By Kenneth Matimaire
Penhalonga, September 19, 2016 – ELDERLY women from Penhalonga have joined hands to address a number of mining related social ills affecting the mineral rich area.
The group of 10 women is part of a community building project being spearheaded by the Centre for Natural Resources Governance (CNRG) to restore sanity within communities threatened by mining related conflicts.
The project has three phases that equip women to identify challenges attributed to mining activities, engage and demand solutions from respective authorities.
They have since completed the first phase, Participatory Action Research (PAR), which commenced in August 2015 where they identified a wide range of mining related societal ills.
These ranged from mining related deaths, prostitution to early child marriages.
“Following our training by CNRG, we have realised that our community has been under great threat as a result of mining activities here. We continue to lose our youths as a result of unfavourable mining activities. We no longer have fields for agriculture, our daughters are turning to prostitution and cases of early child marriages are very high.
“All this is linked to mining activities since Penhalonga is solely mining dependent and we have taken it upon ourselves to restore order in our community,” said PAR coordinator Joseline Musiyazviriyo.
Another member, Margaret Sande said they have already managed to make inroads by convincing a group of 50 community youths to venture into formal small scale mining.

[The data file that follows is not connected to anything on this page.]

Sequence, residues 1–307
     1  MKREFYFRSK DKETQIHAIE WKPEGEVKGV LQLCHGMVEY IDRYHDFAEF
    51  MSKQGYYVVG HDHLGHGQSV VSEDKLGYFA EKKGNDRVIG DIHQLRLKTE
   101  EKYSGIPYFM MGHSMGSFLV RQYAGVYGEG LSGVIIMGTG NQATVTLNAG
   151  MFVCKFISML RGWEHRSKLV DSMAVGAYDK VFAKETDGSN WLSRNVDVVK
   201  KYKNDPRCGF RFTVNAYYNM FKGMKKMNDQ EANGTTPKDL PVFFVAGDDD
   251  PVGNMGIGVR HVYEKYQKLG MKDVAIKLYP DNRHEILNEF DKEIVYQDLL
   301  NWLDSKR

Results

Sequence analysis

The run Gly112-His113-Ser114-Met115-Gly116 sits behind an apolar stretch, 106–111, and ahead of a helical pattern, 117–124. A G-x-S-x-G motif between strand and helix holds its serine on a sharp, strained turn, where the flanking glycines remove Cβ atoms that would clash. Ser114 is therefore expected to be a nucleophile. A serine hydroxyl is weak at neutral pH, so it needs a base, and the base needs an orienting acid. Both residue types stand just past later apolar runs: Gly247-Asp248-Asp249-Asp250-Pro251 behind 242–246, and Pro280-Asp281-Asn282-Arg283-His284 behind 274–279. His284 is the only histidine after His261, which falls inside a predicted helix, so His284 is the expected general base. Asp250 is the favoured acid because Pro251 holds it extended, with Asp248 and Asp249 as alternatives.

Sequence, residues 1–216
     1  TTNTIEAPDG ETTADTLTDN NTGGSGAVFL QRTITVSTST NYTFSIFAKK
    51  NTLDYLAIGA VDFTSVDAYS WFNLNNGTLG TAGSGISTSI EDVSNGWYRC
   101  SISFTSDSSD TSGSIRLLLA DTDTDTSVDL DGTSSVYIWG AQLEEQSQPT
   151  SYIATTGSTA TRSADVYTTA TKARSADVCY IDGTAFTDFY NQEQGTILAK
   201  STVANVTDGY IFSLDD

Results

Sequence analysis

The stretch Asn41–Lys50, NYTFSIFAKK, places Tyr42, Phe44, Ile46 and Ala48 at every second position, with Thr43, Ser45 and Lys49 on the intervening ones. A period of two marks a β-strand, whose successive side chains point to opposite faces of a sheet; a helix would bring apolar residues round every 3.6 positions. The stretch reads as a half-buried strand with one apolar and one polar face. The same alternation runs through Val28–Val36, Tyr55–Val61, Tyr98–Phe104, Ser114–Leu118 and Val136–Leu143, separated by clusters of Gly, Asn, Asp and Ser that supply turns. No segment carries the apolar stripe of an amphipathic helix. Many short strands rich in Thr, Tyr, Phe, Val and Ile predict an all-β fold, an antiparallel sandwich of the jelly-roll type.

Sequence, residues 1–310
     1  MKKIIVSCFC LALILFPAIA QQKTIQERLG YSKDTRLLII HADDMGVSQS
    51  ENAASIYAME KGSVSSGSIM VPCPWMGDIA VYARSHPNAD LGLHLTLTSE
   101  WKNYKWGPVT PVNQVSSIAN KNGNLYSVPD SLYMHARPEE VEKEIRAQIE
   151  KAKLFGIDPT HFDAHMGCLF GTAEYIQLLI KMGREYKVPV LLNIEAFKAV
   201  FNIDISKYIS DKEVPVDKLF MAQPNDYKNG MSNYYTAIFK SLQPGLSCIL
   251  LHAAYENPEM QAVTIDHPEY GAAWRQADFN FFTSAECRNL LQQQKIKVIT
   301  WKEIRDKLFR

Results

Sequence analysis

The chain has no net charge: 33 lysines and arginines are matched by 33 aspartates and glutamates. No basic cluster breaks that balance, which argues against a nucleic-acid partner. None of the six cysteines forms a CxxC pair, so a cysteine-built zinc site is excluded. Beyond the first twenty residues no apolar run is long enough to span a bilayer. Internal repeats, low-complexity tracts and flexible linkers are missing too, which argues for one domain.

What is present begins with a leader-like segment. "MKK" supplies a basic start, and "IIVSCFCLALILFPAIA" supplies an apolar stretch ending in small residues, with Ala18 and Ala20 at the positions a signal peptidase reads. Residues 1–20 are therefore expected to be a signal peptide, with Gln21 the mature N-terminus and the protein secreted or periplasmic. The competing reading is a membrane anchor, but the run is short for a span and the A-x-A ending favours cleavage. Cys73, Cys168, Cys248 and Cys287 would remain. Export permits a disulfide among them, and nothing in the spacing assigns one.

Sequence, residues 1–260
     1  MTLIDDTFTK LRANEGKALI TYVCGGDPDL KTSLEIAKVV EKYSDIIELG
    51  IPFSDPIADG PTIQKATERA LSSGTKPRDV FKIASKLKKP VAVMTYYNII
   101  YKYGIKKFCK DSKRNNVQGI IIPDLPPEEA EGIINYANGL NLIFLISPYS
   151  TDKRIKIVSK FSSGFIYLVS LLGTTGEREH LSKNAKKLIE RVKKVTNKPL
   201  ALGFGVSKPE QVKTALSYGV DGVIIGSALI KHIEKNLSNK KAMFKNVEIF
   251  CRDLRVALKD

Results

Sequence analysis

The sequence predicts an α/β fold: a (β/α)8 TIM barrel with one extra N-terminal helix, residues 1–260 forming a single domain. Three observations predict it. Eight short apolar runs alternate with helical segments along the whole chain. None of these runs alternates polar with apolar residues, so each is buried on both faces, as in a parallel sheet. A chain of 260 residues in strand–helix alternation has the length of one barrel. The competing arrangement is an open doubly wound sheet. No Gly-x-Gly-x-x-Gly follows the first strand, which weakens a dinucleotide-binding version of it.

Sande added that the death rate of artisanal miners has also dropped to only four per every six months, compared to four every month.
“We have already started on a positive note. We now have 50 youths (artisanal miners) that are now into formal mining after we convinced them to do so. So its 50 youths already that we have managed to assist. Also, we used to have a high death rate of artisanal miners but that is no longer the case,” she said.
CNRG director Farai Maguwu said the women were part of a project to address the impact of mining within communities.
“They have just completed the first phase, Participatory Action Research (PAR) which started in August 2015. The next phase is of Capacity Building, which will take them another 12 months and then the third phase is of Activism. Here, we will be promoting direct action. The women must engage with mining companies and raise their concerns, demand reforms, engage the Ministry of Mines Rural District Councils and make sure that the gender impacts of mining are scaled down,” he said.